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Time To Bail: The New Chapter in the War in Afghanistan

by Adam Luke, published
Soldiers in the war in Afghanistan wait for the sun to set on their mission.

Nearly eleven years have passed since the first boots touched Afghan soil, the loud and clear voice that chanted for an inevitable victory in the country is starting to sound hoarse and redundant. In all reality the American voice is starting to change. At first the voice was a "bell toll" of empathy and concern for a country full of oppressed citizens, who had their lives hijacked by an extremist group who may have shared the same faces but not the same hearts and souls of those who they oppressed. It was not long before then that the media jumped in promoting the war in Afghanistan,"the nation building." It was not long before teams of 18-year-olds rushed to recruiting offices, husbands and sons quit their day jobs, because Uncle Sam was calling. It seemed the next generation's war had finally arrived.

But the "mission" was not accomplished in four years, and not even in eight. It seemed that the back-to-back world war champs had found themselves stuck in a rut. Many argue the war has gone the way of the American attention span, other countries even criticize the immaturity our nation portrayed when we believed this was simply going to be another walk in the park .

The facts are 6,742 servicemen and women have lost their lives through an 11-year campaign spanning Iraq and Afghanistan. Since 2008 alone, the country has lost 2,102 military personnel. However a new problem has presented itself as America tries to make a honorable shuffle towards the door and secure an exit from the middle east. "Green-on-Blue" violence has skyrocketed at a time when America and Afghanistan are trying to be diplomatic. In one corner stands a country that believes they have the infrastructure and personnel to succeed as nation. In other corner is a country that is bruised, and growing exhausted, a country that has dumped an estimated $558 billion into a mission that now shows no clear victor. The American wish for a decisive victory is simply just a wish. There will not be a Berlin in this fight, the enemy is not confined to a bunker, and as our military personnel has learned you can only watch so many caves.  The top man we wanted is now dead, and his picture no longer can be found on the FBI most wanted list. It would seem as the justification to keep going is no longer there for the American people any longer and the polls are showing it.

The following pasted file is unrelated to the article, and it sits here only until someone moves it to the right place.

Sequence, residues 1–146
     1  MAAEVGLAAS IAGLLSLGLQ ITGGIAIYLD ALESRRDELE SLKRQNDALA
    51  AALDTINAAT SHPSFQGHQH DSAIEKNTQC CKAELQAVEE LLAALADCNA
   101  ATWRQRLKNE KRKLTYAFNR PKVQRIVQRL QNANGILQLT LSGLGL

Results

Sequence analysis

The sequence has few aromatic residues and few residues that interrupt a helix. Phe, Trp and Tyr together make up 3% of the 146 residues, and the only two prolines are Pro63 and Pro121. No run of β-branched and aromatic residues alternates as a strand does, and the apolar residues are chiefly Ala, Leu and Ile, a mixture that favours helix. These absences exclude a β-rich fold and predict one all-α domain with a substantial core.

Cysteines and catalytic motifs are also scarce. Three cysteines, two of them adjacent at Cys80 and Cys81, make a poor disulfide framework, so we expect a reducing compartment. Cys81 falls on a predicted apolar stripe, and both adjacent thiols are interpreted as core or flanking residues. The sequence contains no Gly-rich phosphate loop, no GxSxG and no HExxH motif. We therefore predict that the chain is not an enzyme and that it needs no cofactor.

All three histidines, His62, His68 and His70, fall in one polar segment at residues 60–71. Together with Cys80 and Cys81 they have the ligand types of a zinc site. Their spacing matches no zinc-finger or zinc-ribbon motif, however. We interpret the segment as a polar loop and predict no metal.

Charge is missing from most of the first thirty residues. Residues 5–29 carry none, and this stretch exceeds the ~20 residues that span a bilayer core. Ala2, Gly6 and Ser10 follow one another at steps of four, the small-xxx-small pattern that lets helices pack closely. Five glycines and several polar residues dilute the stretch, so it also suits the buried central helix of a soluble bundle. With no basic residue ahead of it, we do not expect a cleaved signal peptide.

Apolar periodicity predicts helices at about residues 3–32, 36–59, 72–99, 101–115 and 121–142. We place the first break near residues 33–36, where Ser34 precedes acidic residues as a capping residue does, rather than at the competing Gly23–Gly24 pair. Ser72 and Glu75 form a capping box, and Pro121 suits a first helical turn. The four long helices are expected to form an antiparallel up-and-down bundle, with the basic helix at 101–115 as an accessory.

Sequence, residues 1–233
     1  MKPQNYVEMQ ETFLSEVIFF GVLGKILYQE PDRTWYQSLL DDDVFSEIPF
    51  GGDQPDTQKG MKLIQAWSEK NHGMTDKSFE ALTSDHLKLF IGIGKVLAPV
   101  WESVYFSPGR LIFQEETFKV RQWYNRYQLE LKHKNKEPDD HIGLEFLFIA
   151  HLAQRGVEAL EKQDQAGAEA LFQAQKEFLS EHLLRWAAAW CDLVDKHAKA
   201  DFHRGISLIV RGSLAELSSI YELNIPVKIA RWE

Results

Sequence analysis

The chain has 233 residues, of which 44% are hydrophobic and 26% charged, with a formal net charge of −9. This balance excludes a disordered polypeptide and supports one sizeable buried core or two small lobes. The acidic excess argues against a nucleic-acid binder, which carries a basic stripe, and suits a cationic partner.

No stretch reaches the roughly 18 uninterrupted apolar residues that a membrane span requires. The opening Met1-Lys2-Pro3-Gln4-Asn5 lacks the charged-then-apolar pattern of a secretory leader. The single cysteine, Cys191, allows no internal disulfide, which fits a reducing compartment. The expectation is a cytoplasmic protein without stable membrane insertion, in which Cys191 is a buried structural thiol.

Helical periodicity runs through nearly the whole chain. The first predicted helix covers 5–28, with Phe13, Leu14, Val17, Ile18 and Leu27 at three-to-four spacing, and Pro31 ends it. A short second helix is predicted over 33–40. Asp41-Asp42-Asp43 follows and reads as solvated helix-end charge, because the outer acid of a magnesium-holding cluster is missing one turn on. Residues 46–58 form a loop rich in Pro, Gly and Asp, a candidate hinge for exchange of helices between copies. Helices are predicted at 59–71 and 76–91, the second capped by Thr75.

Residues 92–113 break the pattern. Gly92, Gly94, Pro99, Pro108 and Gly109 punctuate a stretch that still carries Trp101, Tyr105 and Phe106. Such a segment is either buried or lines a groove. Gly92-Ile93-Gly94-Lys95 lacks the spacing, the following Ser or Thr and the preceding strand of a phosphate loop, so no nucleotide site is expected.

So the next chapter in the war in Afghanistan begins. The hope of seeing a victory has waned, and as stated, the latest polls (5/12) are showing nearly 70 percent of the country suggesting its time to get out. But the problem is not that easy, America stands four months away from the new year and already we have lost 40 military personnel to "green-on-blue" violence. A number that is nearly double of last year's green-on-blue related fatalities. At a time where the American people should feel comfortable with removing themselves from the Afghan equation, the solution we have found is ally on ally violence. At a time where American soldiers should start feeling as if combat is over, military personnel are finding a new combat field within their own green-zones. One week ago two military members where shot at a graduation ceremony for Afghan security. Now a week later a soldier is killed by an Afghan police officer who was assigned for additional support on patrol and the American people are reeling! If people thought the war was unpopular before, the American people have a social field day with allies they cannot trust.

The big question that has to be answered is where does America go as a nation from here? One argument is that America still owes it to those who they lost in 9/11 to see this campaign through, to liberate the people of Afghanistan once and for all and rid the sovereign country of those who call themselves Al-Qaeda. But a growing voice in the back of the American psyche is working itself to the center stage. A voice that presents an argument that America has carried the ball far enough; as a nation they have fought long and hard for every yard in this game and as the nation stands on 4th and goal of this campaign, that it's time for the Afghan people to carry the ball over the goal line and into victory.

The one thing that can be derived from the facts is, above all, the loss of human life has been devastating in a campaign that has surpassed a decade of death and trial. The road ahead of Afghanistan and America is not very clear, there may even be reason for concern on if these roads will stay parallel for these two nations much longer as again diplomatic ties are battered. As both nations readjust for the new battle field, the real threat is presenting itself. The enemy may is no longer restricted to their caves, they have found a way to get inside the green-zones, and they are doing it with our uniforms.

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